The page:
She invited the king and Haman, the king's chief counselor who was behind the Jewish death sentence, to a private dinner. She built suspense that intrigued and delighted the king. Then she coyly invited them to a second private banquet.
By this time, the king was beside himself to please her, and it was only then that she revealed that she, being a Jew, was going to die because of Haman's plot against her people. The king was filled with rage. Instead of Esther and her people perishing, it was actually Haman and all the enemies of the Jews who were killed (Esther 9:5).
If you want to see a great summary of a woman's steel and velvet qualities—of strength, gentleness, firmness and compassion—read Proverbs 31:10-31.
Ultimate steel and velvet
The perfect example of the man of steel and velvet is Jesus Christ. Notice His velvet qualities: "Come to Me, all you who labor and are heavy laden, and I will give you rest. Take My yoke upon you and learn from Me, for I am gentle and lowly in heart, and you will find rest for your souls. For My yoke is easy and My burden is light" (Matthew 11:28-30).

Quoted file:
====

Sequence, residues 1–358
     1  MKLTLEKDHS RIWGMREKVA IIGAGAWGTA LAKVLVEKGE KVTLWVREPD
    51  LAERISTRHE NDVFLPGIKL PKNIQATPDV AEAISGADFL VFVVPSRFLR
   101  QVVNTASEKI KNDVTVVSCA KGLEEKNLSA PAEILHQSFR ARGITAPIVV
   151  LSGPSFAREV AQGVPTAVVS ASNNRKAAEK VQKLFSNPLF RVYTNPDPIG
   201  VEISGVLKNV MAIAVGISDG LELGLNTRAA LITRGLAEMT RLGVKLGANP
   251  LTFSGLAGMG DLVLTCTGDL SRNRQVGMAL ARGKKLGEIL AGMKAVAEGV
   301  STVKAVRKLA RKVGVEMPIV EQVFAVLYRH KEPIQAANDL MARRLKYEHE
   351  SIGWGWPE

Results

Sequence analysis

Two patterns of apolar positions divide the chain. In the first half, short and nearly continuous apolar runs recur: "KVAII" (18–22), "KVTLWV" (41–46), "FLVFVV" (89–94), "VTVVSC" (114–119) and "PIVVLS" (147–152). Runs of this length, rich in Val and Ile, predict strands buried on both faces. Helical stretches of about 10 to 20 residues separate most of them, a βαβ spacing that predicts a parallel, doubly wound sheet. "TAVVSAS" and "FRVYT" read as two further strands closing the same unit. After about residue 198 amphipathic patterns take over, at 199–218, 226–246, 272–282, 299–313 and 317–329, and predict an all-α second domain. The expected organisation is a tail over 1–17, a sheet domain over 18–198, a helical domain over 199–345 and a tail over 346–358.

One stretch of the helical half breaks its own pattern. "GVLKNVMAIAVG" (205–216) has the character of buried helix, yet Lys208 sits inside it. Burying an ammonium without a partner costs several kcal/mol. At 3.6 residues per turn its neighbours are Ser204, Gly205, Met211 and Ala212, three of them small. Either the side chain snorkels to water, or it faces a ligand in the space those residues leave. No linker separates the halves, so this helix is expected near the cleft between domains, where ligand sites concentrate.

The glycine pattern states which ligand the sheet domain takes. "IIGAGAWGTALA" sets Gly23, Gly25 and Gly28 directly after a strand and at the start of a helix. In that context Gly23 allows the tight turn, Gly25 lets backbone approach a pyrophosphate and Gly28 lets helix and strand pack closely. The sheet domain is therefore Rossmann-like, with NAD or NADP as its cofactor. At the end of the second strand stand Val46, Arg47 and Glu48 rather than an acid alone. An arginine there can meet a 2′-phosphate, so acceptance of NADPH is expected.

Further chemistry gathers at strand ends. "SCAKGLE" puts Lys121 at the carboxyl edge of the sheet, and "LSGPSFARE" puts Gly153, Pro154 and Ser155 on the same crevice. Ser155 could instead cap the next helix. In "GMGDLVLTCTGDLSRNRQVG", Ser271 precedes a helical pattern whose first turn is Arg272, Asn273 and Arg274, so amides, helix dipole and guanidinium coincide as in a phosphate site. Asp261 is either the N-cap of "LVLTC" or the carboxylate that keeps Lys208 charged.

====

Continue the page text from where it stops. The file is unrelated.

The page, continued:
Jesus displayed His steely side when dealing with the greedy money changers at the temple: "Then Jesus went into the temple of God and drove out all those who bought and sold in the temple, and overturned the tables of the money changers and the seats of those who sold doves. And He said to them, ‘It is written, "My house shall be called a house of prayer," but you have made it a den of thieves'" (Matthew 21:12-13).
There are dozens of men and women of steel and velvet in the Bible—like Moses, Joshua, Deborah, Ruth, David, the prophets, and many men and women of the New Testament. Their examples would make a very good Bible study for young men and women who want to develop these qualities of steel and velvet.
God wants you to, but do you personally want to become a man or women of steel and velvet? I can guarantee that if you choose to pursue this aim, it will be one of the best decisions you'll ever make!